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#Chindia2018 Conference: Insights, hurdles, hindsight, and foresight into entertainment startups

The entertainment vertical in the startup segment has always been a tricky business. With all its subcategories and the difficulty in monetisation and consumer retention, only a few have been able to stay profitable in this endeavor.

In this segment, Indian startups have a lot to learn especially from Chinese startups. Companies like Kwai, ByteDance, BIGO Live, have made their mark as top entertainers in the world.

Although, Indian entertainment businesses follow a rather different model than Chinese ones, the lessons lie in the scaling and monetisation strategies.

In Chindia TMT Conference 2018 by Entrackr, a panel of top entertainment entrepreneurs from both India and China sat down to discuss the various aspects of their businesses.

The panel included Karan Bedi, CEO, MX Player and Prashan Agarwal, CEO, Gaana.com from India, as well as Aviva Wu, VP, Starmaker and John CAI, South Asian Regional Manager, BIGO Live. Priyanka Gill, CEO, POPxo moderated the panel.

Diversity in language and family culture

The initial discussion revolved around the comparison between the content entertainment industry of India and China. 

Gaana.com CEO Prashan, like a lot of other speakers, pointed out that the language diversity in India is greater than China and it was important to make the interface more comfortable for the emerging tier II and tier III city based users.

On similar lines, Aviva Wu added how they faced the problem of integrating the fragmentation in user profiles due to diverse languages and cultures on their platform as such a problem did not exist in China where the language and culture is largely uniform.

For BIGO Live, the user base in both the countries differed significantly. In China, the user base belonged to tier III and tier IV cities, while in India 80 per cent users belonged to urban cities.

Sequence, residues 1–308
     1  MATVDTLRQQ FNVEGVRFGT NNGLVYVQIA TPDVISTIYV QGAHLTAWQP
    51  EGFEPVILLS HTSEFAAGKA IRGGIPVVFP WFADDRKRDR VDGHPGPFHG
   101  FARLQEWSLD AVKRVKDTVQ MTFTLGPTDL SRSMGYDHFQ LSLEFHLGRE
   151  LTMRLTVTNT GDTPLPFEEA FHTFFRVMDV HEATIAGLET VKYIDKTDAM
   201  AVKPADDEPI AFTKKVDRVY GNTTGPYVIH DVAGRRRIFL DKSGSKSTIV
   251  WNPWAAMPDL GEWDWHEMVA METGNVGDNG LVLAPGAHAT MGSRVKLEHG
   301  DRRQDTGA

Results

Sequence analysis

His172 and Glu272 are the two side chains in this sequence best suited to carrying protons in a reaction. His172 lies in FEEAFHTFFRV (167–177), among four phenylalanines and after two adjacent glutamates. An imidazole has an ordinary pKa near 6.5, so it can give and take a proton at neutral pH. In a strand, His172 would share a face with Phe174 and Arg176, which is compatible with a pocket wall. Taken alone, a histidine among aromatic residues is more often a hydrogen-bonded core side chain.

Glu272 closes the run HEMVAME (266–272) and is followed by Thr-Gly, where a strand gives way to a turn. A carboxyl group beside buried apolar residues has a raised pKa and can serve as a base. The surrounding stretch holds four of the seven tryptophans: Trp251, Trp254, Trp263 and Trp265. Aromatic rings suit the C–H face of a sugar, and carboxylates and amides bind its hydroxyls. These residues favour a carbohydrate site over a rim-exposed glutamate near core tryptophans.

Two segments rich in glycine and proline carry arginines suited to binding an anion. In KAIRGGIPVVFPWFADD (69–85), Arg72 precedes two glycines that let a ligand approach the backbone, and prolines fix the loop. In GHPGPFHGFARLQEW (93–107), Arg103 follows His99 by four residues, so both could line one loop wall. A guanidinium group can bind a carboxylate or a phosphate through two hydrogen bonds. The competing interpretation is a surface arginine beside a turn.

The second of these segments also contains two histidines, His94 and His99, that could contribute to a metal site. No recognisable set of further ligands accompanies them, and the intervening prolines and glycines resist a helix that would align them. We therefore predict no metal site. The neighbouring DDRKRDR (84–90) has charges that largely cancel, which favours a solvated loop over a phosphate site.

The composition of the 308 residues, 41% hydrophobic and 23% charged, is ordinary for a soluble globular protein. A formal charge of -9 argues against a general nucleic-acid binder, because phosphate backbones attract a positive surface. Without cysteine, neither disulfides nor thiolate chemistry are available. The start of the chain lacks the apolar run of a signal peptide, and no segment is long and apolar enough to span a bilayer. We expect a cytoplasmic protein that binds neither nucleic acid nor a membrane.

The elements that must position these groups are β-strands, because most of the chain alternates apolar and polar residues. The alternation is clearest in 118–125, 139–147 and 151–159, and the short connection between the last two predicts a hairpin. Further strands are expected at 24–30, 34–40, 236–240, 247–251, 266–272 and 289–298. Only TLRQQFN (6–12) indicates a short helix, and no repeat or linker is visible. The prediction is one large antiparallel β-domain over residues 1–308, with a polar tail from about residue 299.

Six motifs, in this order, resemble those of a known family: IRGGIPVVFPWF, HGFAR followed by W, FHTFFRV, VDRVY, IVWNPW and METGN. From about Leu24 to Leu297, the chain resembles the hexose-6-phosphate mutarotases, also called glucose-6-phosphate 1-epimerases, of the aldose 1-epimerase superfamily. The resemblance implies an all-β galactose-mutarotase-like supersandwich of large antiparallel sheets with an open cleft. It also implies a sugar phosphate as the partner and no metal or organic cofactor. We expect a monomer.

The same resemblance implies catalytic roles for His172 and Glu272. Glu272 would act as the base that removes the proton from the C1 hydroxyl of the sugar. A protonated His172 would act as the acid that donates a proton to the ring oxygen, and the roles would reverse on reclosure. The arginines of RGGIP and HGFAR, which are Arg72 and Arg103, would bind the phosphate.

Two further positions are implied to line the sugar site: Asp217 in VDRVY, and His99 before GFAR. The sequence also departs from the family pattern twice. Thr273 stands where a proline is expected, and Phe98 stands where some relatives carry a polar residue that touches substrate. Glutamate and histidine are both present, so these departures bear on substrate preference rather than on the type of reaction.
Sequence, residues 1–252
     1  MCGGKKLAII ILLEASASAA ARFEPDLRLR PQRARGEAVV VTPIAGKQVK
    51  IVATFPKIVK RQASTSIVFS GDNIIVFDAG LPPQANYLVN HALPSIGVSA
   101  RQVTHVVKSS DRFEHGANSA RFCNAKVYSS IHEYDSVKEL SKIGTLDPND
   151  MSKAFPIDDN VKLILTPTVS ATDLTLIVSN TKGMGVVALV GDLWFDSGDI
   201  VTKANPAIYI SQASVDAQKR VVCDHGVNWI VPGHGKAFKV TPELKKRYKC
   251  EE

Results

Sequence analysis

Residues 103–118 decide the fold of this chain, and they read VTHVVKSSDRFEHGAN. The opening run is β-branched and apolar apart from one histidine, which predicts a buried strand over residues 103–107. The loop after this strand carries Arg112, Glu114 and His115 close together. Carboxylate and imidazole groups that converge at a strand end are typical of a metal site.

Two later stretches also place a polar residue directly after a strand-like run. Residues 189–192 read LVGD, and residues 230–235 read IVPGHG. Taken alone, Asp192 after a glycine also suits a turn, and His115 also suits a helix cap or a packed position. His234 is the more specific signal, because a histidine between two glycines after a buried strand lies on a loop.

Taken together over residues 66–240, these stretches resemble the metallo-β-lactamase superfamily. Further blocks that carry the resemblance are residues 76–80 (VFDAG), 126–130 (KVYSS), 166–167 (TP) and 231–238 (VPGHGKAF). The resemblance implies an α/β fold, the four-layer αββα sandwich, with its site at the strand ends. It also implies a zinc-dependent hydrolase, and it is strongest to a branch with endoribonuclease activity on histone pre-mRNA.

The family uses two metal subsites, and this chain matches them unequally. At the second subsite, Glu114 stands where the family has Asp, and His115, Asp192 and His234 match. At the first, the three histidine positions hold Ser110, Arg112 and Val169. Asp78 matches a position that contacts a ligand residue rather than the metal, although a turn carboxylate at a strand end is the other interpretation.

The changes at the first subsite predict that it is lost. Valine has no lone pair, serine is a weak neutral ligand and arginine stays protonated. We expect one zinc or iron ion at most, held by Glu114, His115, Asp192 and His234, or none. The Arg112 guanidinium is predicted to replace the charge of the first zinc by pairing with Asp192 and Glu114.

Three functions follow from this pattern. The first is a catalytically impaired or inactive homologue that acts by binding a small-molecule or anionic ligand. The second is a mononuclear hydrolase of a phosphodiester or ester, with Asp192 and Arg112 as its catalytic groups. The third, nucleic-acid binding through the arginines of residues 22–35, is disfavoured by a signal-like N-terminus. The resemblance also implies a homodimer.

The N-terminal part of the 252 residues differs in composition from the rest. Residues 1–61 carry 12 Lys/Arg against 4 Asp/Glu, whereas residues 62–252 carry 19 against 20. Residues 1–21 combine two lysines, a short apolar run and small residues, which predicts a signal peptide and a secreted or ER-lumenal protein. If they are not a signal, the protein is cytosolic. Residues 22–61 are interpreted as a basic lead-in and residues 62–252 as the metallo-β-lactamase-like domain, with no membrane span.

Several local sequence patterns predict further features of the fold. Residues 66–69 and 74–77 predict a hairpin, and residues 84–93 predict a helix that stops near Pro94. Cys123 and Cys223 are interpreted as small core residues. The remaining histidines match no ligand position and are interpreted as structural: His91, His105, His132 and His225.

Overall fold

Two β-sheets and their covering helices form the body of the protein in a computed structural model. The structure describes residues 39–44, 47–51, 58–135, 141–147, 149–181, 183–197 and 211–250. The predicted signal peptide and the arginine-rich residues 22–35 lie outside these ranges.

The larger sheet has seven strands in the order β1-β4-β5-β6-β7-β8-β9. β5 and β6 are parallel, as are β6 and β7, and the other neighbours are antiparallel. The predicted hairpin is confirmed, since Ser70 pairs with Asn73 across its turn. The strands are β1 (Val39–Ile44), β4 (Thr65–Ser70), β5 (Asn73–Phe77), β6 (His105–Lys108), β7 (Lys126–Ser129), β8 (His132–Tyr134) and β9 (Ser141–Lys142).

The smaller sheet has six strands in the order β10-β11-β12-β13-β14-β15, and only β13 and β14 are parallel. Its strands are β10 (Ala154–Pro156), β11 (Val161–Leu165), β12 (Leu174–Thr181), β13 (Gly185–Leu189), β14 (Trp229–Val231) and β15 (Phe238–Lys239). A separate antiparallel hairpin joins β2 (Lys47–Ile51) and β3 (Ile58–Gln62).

As per John CAI’s interesting insight, the reason behind this was the family centric culture in India, especially in rural areas, where people focussed on spending more time with the family instead of being occupied on smartphone. This was not a case in urban cities as per him.

Contrastingly, Bedi pointed out that the family culture was an advantage for the television segment, as one TV set would bring the family together.

Paid user acquisition and Monetisation

Moving on, the conversation shifted to paid user acquisition where several crucial differences between India and the world was highlighted in the context of piracy. 

As per Agarwal, it was the role of the companies to educate user about the rules and implementing proper policies.

Bedi claimed to have very large existing user base of 175 million monthly active users in India, but he felt the crux of the matter lied in retaining the consumer instead of acquiring one, and during that retention the company also had to follow unit economics.

As far as monetization was concerned all four companies had similar models where Starmaker and Gaana.com relied on paid subscription, and the latter along with MX Player also relied on advertisement and branding based revenue.

Starmaker and BIGO Live also had a model of virtual gifting. Both Wu and CAI agreed that the Indian audience was still getting accustomed to this model, but they had high hopes as it is a successful feature in China.

Gaana.com, with its 100 per cent YoY growth in ad revenue and 50-50 split between ad and subscription income, also felt that the virtual gifting model where users could gift accessories to each other would a be a good start.

Agarwal also pointed out how profiling the users could be a good idea as fintechs are hungry for profiles.

Past and Future

Gill ended up the discussion by asking the panelists about what were the kind of mistakes that they felt could have avoided and what do they predict about the future of their company or industry as a whole.

In hindsight, Bedi and Agarwal both felt that they had made the mistake in structuring their contracts or pricing the content. It is a lesson to learn for all entertainment startups to have confidence in their content and ask for a fair price, and design the contracts relevant to set off into a better future.

Meanwhile, the lesson for Chinese entrepreneurs is to study the diversity and the market better, and also, to collaborate with Indian VCs or counterparts to ease out the process, as mentioned in the VC panel.

Making forecasts, Agarwal said that the music streaming industry will have more than 400 million users through music apps in the upcoming year and Bedi advocated that digital entertainment will be bigger than TV in three years.

For the Chinese players who have recently entered the market, as platforms where content is user generated the future asks for creation of an environment where the number of creators will increase.

It can be seen in the entire conversation how the Indian entrepreneurs and Chinese entrepreneurs, even while operating in different kinds of content segments, faced similar problems and expect similar futures within themselves.

It could be a statement for the industry as a whole and while the difficulties for these players are still concerning, learning from each other’s mistakes, experiences and keeping ahead in the competition would be a fair way to proceed.

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